“We owe it to our children to not delay moving forward initial studies to evaluate promising vaccine candidates,” Anderson told reporters during a video conference call Monday afternoon. “We believe it is a critical and important thing to do be doing right now, so that we have a better chance of having a vaccine for children before the next school year begins.”
More than 100 U.S. children have died from COVID-19, according to the 15-page paper in Clinical Infectious Diseases, an Oxford Academic publication. By contrast, flu-related deaths in children reported to the U.S. Centers for Disease Control and Prevention during regular flu seasons have ranged from 37 to 188 deaths annually over the last 15 years.
The trial studies, Anderson said, could start with low dosages. Anderson did not mention an age range for children who would participate in vaccine studies, but suggested it could start with older children. Vaccine studies for other diseases, such as Ebola, have involved children. The idea, Anderson said, “isn’t novel.”
While President Donald Trump has said a vaccine could be ready by November, many medical experts predict a vaccine may not be available until early-to-mid next year. In the meantime, researchers at Emory and elsewhere are continuing to search for vaccine participants.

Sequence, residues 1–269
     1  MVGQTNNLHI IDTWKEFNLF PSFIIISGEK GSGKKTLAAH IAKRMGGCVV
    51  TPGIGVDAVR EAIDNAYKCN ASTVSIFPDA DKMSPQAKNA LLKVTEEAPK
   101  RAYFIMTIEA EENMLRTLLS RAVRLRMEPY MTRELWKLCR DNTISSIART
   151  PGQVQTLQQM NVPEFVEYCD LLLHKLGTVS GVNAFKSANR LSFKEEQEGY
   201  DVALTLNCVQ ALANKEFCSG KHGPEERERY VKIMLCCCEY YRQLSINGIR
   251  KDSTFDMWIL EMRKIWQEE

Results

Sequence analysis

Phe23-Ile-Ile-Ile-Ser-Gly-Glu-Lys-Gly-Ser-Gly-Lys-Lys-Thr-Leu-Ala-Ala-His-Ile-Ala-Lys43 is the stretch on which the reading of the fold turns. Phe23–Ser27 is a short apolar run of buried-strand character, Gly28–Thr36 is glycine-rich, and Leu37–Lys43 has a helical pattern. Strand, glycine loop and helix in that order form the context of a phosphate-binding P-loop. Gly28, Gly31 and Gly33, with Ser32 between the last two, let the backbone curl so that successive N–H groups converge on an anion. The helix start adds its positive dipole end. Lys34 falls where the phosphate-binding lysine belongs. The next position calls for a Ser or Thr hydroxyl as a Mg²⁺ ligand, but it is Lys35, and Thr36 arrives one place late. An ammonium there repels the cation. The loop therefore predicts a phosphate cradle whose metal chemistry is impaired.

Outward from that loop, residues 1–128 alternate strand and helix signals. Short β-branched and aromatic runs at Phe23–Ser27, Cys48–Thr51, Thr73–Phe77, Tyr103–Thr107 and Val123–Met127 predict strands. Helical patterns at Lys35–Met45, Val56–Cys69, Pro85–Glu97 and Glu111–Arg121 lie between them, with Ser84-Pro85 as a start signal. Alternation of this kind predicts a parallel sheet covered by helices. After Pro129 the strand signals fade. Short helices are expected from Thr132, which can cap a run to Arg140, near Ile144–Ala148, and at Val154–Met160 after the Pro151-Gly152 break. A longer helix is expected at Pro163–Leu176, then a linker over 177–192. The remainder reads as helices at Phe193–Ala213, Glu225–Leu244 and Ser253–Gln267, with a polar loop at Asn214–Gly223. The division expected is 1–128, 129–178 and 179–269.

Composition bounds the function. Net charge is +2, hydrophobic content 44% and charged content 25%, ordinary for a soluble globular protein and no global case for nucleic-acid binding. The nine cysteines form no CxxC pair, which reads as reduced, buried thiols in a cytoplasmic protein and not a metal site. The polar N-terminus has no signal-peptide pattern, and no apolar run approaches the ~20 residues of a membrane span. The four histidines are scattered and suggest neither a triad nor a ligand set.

To date, most COVID-19 vaccine study participants have been young-to-middle age adults. Researchers were cautious about recruiting older adults in studies, although they were initially dying at greater rates from the disease. The paper by Anderson and others say they are unaware of any COVID-19 vaccine studies involving children in the U.S.
Getting children in studies could be a challenge as concerns grow a vaccine is being rushed. Several polls show just one in five Americans would definitely get a vaccine once one is ready, a decline from about one in three Americans in August.
The paper by Anderson and others offers societal reasons for children to be part of vaccine research.
“A COVID-19 vaccine could provide direct benefits on childhood education by allowing a safer return to school, a critical factor in children maximizing their potential,” the authors wrote.
Some researchers have published papers about the need for varied trial participants to ensure a vaccine will be effective, such as children and pregnant women. They stress any vaccine studies conducted for those groups must be safe. The American Academy of Pediatrics said in a statement Monday to The Atlanta Journal-Constitution it supports children being included in Phase III trials, which is the stage when the vaccine has met the safety and efficacy points of the first two phases and is further along in the licensure process.